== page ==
Former Tour de France winner Stephen Roche believes his nephew Dan Martin will find himself a marked man in the peloton after his victory in yesterday's dramatic stage nine to Bagneres-de-Bigorre.
While Chris Froome was fending off a series of attacks from the Movistar team to defend his yellow jersey on the last of the five categorised climbs, Martin kicked away along with Jakob Fuglsang, and then beat the Dane in a short sprint finish at the foot of the mountain.
In doing so, the 26-year-old became the first Irish Tour stage winner since his uncle took stage 16 of the 1992 Tour, and Roche watched on proudly.
"Dan has matured really well," the 1987 Tour winner told Press Association Sport. "He's won at the Volta a Catalunya and Liege-Bastogne-Liege this year so he's by no means a surprise winner, I even predicted it yesterday morning but maybe that's a bit of a fluke for me.
"But the top guys were busy looking at each other and he did exactly what he needed to do.
"He'll get less and less freedom now. The other team leaders never seem to see him and he's got a habit of slipping through the fishnet, but that won't happen for much longer.
"He'll be looked on now as a rider who can do a lot of damage and they won't give him so much rope."
Roche believes it is just the start for Martin, and tipped for potential podium success in an upcoming Tour.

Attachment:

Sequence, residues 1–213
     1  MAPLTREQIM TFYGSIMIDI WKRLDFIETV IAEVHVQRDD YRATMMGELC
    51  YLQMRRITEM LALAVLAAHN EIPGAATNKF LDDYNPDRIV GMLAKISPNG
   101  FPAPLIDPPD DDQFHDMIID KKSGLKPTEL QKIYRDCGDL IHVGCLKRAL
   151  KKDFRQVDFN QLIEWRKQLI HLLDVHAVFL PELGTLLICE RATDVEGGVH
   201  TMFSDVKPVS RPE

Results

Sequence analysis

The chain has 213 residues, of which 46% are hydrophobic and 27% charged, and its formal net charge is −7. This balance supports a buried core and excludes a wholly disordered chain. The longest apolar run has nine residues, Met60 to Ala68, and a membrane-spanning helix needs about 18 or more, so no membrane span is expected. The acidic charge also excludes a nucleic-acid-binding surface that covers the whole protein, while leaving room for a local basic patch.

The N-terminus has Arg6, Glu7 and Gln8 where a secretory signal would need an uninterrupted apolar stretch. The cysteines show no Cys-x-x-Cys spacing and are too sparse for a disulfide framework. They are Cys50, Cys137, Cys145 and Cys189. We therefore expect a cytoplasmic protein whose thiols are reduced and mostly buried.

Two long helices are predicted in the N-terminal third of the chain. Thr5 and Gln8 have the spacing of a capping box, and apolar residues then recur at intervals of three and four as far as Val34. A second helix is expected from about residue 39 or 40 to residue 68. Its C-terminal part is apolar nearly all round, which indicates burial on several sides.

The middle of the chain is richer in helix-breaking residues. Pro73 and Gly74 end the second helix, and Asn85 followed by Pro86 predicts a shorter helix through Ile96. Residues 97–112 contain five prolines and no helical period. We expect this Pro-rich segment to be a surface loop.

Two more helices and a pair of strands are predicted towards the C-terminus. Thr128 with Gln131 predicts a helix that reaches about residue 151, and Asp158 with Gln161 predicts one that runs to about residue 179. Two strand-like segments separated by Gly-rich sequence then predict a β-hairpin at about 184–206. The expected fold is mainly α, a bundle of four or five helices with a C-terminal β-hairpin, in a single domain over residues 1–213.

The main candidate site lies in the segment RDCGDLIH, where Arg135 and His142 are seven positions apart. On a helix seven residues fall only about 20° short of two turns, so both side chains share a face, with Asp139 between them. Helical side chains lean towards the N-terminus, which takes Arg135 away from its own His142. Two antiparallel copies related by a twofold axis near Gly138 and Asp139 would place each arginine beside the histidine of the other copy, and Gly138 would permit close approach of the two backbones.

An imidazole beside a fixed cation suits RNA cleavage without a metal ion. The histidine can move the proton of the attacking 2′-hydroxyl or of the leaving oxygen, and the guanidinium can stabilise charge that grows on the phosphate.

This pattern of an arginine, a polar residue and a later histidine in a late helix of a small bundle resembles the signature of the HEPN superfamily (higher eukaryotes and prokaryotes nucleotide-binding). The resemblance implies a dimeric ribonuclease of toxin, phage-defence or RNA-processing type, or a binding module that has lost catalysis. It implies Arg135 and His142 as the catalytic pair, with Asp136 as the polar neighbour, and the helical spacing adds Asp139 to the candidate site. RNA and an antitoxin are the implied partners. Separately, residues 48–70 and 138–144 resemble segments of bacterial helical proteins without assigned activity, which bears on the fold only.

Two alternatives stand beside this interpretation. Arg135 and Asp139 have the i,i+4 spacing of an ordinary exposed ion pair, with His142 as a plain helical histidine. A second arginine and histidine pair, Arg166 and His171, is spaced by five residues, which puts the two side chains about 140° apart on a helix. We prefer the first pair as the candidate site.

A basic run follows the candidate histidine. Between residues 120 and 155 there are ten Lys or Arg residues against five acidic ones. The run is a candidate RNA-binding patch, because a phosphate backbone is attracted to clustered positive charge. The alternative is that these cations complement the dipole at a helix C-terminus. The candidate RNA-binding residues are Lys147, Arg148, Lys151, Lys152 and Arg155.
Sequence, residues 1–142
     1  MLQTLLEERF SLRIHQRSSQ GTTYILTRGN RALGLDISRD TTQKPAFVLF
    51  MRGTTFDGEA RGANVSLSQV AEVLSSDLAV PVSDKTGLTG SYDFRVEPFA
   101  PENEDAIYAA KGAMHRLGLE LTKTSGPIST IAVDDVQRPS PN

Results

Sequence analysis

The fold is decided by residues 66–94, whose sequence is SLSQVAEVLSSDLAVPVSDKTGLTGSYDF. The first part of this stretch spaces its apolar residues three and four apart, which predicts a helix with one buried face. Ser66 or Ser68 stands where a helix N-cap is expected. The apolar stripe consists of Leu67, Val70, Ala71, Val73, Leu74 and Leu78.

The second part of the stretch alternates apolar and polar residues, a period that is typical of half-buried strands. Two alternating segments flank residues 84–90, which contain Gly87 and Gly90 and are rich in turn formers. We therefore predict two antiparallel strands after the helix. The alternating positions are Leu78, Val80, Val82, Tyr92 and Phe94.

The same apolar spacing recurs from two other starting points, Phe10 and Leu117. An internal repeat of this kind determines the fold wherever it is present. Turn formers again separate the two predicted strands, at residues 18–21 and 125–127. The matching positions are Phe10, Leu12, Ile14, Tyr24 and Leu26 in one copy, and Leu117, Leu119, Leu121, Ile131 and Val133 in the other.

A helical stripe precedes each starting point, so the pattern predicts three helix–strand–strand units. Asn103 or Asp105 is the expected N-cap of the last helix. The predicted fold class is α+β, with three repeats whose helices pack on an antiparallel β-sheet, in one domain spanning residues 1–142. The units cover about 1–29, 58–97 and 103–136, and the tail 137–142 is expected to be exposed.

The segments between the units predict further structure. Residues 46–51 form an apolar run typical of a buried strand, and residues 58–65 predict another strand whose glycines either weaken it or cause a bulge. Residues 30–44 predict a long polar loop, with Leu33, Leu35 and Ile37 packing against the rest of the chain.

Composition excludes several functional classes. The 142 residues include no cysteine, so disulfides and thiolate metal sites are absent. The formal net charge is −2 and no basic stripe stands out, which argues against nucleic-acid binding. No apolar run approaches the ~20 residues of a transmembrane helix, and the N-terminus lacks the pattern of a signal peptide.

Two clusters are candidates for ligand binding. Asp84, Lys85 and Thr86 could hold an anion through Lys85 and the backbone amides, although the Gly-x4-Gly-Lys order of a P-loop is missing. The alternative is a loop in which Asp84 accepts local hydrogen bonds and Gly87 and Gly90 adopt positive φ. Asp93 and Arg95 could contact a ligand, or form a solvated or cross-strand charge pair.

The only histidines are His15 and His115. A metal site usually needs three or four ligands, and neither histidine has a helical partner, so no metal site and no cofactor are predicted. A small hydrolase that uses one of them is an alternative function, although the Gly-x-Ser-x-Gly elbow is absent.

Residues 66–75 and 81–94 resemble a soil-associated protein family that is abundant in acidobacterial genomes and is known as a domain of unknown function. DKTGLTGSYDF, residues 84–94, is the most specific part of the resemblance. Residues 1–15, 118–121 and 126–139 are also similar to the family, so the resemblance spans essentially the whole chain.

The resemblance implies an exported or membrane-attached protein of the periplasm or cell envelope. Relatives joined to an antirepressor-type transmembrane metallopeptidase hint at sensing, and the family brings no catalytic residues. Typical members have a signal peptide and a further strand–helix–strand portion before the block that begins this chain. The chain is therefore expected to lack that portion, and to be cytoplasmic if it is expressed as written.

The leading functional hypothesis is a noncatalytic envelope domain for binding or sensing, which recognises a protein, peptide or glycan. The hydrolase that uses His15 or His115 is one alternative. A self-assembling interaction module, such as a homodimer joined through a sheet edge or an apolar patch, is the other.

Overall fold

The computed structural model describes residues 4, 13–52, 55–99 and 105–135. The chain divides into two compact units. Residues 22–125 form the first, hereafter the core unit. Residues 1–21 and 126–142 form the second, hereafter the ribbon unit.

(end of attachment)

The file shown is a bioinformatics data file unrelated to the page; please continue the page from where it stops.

"He'll be looked on now as a rider who can do a lot of damage and they won't give him so much rope," - Stephen Roche
"I don't know how far he can go and I don't think he does," he said. "The way he's developed, and with his attitude, I think we could be looking at a top five or a top three in Paris in the next few years."
Roche's son Nicolas has had a more subdued start to the Tour riding in a support role for yellow jersey hopeful Alberto Contador with Team Saxo-Tinkoff, but Roche is confident the experience of being on a contending team will serve him well in the long run.
"He's a little bit disappointed in his own performance," he said of the 29-year-old, ranked 44th overall but more than half an hour down. "He would like to have been better but he has had to work for Contador and he knew that before he started.
"He can take a step back and take some pressure off himself now and watch how Contador works. He's a very good professional, he pays close attention to details and that's what Nico needs.
"He's taking one step back from having been a team leader but he can use it take a step forward in the future."
While Martin was riding away to victory yesterday most eyes were still on the fascinating scrap between an isolated Froome and Alejandro Valverde's Movistar, with Contador keeping a watching brief just behind.
While Froome put in another brilliant display, he was forced to do so by the disintegration of his Team Sky squad around him early in the day, and Roche believes his rivals will now smell blood.
"That will definitely give his opponents food for thought," he said.
"You never win the Tour on your own, you have to have your team with you and with the Alps to come Froome needs a team behind him.
"The lucky thing for Froome yesterday is that they started riding for the stage win in the final 30km. They could have broken Froome but that started riding for the stage.
"When (Nairo) Quintana attacked on the final climb, they should have done a one-two with Valverde, while I also thought Saxo-Tinkoff made a big mistake when they told Roman Kreuziger to hold back for Contador.
"They had an opportunity to top Froome and they missed it."